Related topics: climate change · drought · rainfall

New satellite may make flood prediction easier

A satellite on schedule to launch in 2021 could offer a more comprehensive look at flooding in vulnerable, under-studied parts of the world, including much of Africa, South America and Indonesia, a new study has found.

Hurricane Dorian lashes Carolinas after Bahamas havoc

Hurricane Dorian, which reduced much of the northern Bahamas to rubble and left at least 20 people dead, whipped the Carolinas Thursday, bringing lashing winds, heavy rainfall and the threat of dangerous storm surge to the ...

Study highlights vulnerability of rural coast to sea-level rise

Type "sea-level rise" in an internet search engine and almost all the resulting images will show flooded cities, with ample guidance on civic options for protecting urban infrastructure, from constructing seawalls to elevating ...

Farming for natural profits in China

A new strategy being rolled out in China relies on the idea that farmers can harvest much more than crops. The idea is that well-managed, diverse agricultural lands can provide flood control, water purification and climate ...

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Flood

A flood is an overflow or accumulation of an expanse of water that submerges land. In the sense of "flowing water", the word may also be applied to the inflow of the tide. Flooding may result from the volume of water within a body of water, such as a river or lake, which overflows or breaks levees, with the result that some of the water escapes its normal boundaries. While the size of a lake or other body of water will vary with seasonal changes in precipitation and snow melt, it is not a significant flood unless such escapes of water endanger land areas used by man like a village, city or other inhabited area.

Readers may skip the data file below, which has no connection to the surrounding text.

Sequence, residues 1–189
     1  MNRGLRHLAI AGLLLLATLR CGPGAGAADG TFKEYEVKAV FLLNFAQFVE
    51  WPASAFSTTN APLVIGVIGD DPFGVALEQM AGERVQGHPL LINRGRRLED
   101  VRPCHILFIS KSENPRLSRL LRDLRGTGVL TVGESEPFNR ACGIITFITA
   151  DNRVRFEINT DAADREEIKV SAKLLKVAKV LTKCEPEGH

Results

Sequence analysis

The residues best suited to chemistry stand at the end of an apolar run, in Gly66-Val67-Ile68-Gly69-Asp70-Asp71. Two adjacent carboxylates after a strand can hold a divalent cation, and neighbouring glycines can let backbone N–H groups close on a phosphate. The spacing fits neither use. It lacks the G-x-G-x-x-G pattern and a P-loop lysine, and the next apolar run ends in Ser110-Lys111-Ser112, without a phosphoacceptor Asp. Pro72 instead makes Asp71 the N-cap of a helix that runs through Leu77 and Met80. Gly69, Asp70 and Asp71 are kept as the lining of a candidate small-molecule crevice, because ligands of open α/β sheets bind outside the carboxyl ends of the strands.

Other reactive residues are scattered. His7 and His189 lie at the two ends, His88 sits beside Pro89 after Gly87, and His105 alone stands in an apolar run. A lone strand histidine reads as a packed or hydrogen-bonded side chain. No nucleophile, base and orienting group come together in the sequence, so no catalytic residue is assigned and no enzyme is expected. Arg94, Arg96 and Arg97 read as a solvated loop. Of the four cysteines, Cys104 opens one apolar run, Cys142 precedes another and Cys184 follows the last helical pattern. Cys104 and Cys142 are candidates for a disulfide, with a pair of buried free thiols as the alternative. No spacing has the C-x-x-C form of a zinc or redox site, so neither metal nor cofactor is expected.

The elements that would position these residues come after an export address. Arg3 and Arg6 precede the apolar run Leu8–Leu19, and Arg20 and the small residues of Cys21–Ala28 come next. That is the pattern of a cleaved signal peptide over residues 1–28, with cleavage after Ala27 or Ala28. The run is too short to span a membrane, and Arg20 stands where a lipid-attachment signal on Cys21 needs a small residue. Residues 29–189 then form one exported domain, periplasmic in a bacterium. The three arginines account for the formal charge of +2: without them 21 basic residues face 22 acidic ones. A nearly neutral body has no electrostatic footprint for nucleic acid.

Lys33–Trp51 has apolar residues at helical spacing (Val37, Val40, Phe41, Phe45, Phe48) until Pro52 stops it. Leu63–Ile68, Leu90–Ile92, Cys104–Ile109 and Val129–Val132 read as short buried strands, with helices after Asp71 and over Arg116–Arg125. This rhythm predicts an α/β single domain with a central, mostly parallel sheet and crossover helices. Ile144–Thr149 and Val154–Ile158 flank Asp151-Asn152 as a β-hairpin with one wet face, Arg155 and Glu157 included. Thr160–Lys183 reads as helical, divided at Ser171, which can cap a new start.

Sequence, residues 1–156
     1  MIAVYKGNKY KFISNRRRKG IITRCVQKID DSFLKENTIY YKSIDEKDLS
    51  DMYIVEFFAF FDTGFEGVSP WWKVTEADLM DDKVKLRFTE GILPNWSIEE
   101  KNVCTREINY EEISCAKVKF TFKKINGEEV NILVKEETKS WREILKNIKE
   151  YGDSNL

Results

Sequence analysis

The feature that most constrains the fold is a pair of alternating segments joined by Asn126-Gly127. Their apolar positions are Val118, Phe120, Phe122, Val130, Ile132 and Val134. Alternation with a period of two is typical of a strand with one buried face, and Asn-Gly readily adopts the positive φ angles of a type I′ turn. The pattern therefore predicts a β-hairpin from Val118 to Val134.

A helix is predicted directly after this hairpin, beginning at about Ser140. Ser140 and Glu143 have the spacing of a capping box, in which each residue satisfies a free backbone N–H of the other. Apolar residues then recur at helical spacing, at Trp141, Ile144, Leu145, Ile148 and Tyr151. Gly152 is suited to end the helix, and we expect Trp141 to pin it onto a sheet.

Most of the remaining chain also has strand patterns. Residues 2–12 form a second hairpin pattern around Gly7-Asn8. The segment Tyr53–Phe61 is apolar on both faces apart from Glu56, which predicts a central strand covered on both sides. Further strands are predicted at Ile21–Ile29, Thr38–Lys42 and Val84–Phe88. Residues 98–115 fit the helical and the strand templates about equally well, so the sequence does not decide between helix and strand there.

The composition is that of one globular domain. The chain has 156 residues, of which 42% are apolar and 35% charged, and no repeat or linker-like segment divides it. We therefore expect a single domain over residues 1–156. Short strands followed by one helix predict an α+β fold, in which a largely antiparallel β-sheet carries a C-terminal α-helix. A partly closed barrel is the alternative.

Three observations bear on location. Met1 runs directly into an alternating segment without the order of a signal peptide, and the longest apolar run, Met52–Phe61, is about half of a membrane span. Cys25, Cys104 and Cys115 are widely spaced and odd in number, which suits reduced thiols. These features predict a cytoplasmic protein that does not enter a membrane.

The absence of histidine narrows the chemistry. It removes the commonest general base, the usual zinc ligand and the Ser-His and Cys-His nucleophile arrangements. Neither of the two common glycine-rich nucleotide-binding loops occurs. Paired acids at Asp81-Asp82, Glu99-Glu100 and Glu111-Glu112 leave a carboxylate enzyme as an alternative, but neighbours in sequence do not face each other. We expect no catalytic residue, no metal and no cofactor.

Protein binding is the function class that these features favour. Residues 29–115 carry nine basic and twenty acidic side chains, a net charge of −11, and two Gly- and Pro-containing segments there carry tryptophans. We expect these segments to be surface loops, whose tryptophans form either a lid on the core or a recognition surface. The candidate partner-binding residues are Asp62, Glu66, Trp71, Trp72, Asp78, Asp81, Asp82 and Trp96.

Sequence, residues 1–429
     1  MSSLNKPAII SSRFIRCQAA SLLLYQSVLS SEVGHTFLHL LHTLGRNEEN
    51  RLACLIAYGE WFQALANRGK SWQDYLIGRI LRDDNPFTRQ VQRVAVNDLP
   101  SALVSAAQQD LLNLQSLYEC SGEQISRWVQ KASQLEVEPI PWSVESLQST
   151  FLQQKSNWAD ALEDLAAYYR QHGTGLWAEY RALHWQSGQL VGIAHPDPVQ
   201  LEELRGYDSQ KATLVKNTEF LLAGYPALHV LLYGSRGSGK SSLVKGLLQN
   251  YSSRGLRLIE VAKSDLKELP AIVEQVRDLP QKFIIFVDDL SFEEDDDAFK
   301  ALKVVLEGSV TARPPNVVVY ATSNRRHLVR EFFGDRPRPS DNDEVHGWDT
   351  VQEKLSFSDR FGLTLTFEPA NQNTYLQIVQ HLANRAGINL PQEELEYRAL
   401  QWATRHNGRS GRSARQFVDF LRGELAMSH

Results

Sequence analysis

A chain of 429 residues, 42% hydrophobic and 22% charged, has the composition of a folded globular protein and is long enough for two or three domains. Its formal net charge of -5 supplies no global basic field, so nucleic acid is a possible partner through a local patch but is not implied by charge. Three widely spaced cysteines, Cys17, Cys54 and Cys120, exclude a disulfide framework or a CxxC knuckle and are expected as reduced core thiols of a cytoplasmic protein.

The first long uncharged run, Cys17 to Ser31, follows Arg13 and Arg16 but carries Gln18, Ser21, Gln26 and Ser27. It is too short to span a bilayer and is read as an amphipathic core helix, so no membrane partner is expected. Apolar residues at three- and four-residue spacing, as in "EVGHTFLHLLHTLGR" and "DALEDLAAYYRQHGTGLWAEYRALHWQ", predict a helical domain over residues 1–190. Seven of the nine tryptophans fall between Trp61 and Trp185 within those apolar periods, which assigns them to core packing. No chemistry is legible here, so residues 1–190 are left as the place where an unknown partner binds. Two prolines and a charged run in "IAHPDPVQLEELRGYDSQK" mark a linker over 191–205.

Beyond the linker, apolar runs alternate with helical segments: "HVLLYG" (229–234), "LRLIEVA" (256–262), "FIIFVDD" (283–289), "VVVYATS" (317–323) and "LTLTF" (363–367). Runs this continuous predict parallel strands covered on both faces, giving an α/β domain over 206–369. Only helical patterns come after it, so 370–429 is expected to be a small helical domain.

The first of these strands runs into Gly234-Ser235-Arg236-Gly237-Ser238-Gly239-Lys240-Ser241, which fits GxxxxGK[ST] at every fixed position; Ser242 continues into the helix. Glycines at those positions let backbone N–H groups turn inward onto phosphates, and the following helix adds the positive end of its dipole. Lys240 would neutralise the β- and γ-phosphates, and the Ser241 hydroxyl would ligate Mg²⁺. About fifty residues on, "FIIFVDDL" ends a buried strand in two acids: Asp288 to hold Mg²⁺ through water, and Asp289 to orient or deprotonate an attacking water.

Floods can also occur in rivers, when the strength of the river is so high it flows out of the river channel, particularly at bends or meanders and causes damage to homes and businesses along such rivers. While flood damage can be virtually eliminated by moving away from rivers and other bodies of water, since time out of mind, people have lived and worked by the water to seek sustenance and capitalize on the gains of cheap and easy travel and commerce by being near water. That humans continue to inhabit areas threatened by flood damage is evidence that the perceived value of living near the water exceeds the cost of repeated periodic flooding.

The word "flood" comes from the Old English flod, a word common to Germanic languages (compare German Flut, Dutch vloed from the same root as is seen in flow, float). The specific term "The Flood," capitalized, usually refers to the great Universal Deluge described in the Bible, in Genesis, and is treated at Deluge.

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